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Peak water in Saudi Arabia

Ugo Bardi, The Oil Drum: Europe
Look at these irrigated fields in Saudi Arabia, just an example of the cultivations that dot the desert. However, in a few years these fields may disappear. Peak water may have taken place in Saudi Arabia already more than 10 years ago.

According to recent news from Reuters (2008) the Saudi government has decided to stop all subsidies to agriculture. It means abandoning a policy that had obtained self sufficiency in food production and that had allowed Saudi Arabia to be a major food exporter in the past. According to Reuters, “The kingdom aims to rely entirely on imports by 2016”. The desert is going to win back the land it had ceded to agriculture.

These news come as a surprise, but not so much. Saudi Arabian food production has been based on “fossil water.” It is water from ancient aquifers that can’t be replaced by natural processes in times of interest for human beings. Fossil water is non renewable, just as oil is, and it is unavoidable that it has to run out one day or another.

A wealth of data on the Saudi Arabian water situation can be found in the paper by Walid A. Abderrahman (2001) “Water Demand Management in Saudi Arabia”. From this paper, we learn that water production in Saudi Arabia has reached a peak in the early 1990s, at more than 30 billion cubic meters per year, and declined afterwards. Today, it is at around 15 billion cubic meters, less than half than the peak value. We also learn that most of this water, 90% at the peak, came from non renewable aquifers.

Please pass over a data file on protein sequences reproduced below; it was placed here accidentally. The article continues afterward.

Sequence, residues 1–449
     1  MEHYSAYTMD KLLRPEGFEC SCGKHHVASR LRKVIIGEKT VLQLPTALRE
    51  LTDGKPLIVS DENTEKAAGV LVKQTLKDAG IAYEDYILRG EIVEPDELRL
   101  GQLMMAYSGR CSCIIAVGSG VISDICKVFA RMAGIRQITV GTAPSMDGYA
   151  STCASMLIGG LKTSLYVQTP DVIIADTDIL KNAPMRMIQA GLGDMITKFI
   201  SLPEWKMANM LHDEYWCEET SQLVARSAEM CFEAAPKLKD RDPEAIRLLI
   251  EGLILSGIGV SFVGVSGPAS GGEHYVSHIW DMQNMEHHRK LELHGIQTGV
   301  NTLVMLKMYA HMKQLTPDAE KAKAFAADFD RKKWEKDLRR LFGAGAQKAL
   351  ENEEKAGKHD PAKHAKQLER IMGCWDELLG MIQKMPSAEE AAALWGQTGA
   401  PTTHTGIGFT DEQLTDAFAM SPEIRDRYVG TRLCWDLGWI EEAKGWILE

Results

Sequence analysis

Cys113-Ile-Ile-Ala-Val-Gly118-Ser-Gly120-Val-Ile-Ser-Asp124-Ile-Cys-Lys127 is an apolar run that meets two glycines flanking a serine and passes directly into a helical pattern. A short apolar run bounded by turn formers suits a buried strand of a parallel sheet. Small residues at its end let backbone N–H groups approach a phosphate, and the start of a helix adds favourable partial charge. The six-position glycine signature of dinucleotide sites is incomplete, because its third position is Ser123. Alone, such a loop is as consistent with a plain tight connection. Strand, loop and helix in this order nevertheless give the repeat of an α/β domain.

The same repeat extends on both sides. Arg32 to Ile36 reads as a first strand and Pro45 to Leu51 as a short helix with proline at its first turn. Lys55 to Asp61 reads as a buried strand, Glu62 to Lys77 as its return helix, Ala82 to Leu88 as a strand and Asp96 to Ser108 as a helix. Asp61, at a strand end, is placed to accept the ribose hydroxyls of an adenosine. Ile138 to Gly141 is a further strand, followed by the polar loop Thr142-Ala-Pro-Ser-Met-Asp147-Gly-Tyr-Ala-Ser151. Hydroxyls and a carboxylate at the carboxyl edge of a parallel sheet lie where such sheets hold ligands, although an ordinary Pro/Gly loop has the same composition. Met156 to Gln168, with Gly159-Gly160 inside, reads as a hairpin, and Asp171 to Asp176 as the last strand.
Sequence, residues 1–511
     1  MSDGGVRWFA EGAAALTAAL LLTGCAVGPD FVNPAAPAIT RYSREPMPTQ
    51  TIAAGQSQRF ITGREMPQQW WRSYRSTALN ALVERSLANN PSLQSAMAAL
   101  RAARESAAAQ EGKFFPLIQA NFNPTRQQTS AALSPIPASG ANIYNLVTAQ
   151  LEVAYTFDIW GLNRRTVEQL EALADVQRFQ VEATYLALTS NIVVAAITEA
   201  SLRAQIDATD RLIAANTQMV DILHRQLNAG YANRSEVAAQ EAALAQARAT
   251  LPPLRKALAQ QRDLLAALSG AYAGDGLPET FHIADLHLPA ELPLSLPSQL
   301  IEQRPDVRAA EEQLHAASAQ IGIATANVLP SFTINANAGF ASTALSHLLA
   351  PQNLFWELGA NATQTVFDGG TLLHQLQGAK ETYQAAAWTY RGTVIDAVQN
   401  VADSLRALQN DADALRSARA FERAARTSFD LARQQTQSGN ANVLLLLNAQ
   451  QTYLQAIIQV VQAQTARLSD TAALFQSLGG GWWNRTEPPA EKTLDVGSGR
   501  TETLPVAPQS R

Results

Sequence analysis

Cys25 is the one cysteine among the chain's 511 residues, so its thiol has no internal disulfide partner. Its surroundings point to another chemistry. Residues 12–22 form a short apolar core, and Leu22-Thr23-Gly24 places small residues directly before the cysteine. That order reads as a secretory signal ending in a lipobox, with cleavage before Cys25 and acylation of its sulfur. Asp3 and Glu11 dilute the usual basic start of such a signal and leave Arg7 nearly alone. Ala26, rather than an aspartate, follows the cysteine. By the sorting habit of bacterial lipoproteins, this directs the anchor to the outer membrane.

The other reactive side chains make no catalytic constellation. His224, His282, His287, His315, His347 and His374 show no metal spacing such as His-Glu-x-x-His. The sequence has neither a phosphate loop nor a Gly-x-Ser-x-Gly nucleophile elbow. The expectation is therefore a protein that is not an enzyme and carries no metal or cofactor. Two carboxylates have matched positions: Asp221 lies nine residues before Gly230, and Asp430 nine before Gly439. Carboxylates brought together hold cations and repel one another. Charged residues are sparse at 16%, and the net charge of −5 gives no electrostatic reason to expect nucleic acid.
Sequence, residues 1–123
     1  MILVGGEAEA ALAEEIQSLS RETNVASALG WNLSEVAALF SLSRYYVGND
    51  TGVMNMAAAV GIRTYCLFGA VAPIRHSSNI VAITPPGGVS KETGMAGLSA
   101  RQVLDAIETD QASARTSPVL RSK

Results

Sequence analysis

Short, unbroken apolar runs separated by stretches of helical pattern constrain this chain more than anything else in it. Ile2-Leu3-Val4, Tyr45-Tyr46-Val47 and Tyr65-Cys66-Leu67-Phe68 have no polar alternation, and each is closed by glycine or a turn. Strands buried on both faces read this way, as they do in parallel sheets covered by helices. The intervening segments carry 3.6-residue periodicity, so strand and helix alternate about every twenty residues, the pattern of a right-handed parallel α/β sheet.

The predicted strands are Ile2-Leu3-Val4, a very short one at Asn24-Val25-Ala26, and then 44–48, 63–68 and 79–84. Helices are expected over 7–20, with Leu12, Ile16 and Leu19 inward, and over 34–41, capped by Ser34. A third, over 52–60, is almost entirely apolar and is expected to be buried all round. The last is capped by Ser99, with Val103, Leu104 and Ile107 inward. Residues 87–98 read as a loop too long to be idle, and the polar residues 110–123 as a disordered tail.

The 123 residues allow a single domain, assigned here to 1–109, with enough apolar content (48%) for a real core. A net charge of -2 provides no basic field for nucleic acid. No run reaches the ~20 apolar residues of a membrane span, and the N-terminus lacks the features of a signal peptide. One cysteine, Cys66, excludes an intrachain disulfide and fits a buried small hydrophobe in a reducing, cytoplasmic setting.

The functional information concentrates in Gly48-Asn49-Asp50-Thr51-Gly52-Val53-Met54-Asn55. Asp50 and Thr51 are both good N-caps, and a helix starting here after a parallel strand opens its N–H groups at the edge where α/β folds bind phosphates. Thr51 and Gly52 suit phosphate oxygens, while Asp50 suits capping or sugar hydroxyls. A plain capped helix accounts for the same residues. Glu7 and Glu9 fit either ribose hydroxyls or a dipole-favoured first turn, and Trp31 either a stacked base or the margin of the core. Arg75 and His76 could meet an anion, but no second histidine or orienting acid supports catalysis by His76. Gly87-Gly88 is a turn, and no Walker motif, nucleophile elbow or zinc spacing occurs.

(29 January 2008)

Food and drink giants pledge to reduce water use

Rebecca Smithers, The Guardian
Twenty-one of the UK’s leading food and drink manufacturers today joined forces in a new initiative to cut down on water usage and improve efficiency across all areas of their businesses.

If rolled out across the food and drink sector as a whole, the scheme could save some 140m litres of water a day – equivalent to 56 Olympic-size swimming pools – with a combined financial saving of around £60m per year on water bills.

But consumer and environmental groups were expected to question how effective a voluntary agreement would be, amid concerns about whether consumers might be compromised by possible cutbacks on the use of water in health and safety areas.
(28 January 2008)

Farmers work to conserve water
Kyle Norris, The Environment Report
Some experts say water will be the “oil” of the next generation. As it become more scarce, prices are going to go up. For farmers, that’s serious business. Kyle Norris recently spent time with several farmers who say they think about water constantly:
(28 January 2008)